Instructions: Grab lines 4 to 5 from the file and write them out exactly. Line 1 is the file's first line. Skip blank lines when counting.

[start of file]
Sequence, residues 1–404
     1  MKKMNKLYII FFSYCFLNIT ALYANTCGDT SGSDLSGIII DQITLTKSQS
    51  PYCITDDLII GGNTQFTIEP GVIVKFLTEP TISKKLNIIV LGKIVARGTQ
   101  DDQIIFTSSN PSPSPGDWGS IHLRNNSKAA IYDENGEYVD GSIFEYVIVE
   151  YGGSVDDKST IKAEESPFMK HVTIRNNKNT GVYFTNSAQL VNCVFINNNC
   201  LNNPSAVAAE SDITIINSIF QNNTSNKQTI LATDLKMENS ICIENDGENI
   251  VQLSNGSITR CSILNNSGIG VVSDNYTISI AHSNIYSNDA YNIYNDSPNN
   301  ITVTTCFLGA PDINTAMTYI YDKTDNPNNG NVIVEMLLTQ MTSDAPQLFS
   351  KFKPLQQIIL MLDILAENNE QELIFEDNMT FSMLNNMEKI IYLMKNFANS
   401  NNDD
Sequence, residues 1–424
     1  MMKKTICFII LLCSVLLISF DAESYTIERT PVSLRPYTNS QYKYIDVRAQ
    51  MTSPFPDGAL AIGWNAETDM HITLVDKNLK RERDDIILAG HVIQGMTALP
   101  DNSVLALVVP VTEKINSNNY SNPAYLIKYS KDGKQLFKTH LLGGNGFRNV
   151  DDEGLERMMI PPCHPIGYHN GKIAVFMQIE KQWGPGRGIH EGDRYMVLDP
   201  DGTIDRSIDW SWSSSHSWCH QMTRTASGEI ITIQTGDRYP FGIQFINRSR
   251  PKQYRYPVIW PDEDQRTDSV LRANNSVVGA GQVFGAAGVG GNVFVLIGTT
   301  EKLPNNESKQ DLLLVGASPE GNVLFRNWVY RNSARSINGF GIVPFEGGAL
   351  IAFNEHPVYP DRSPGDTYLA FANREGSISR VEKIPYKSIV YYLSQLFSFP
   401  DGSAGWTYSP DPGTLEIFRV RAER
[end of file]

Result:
   101  DDQIIFTSSN PSPSPGDWGS IHLRNNSKAA IYDENGEYVD GSIFEYVIVE
   151  YGGSVDDKST IKAEESPFMK HVTIRNNKNT GVYFTNSAQL VNCVFINNNC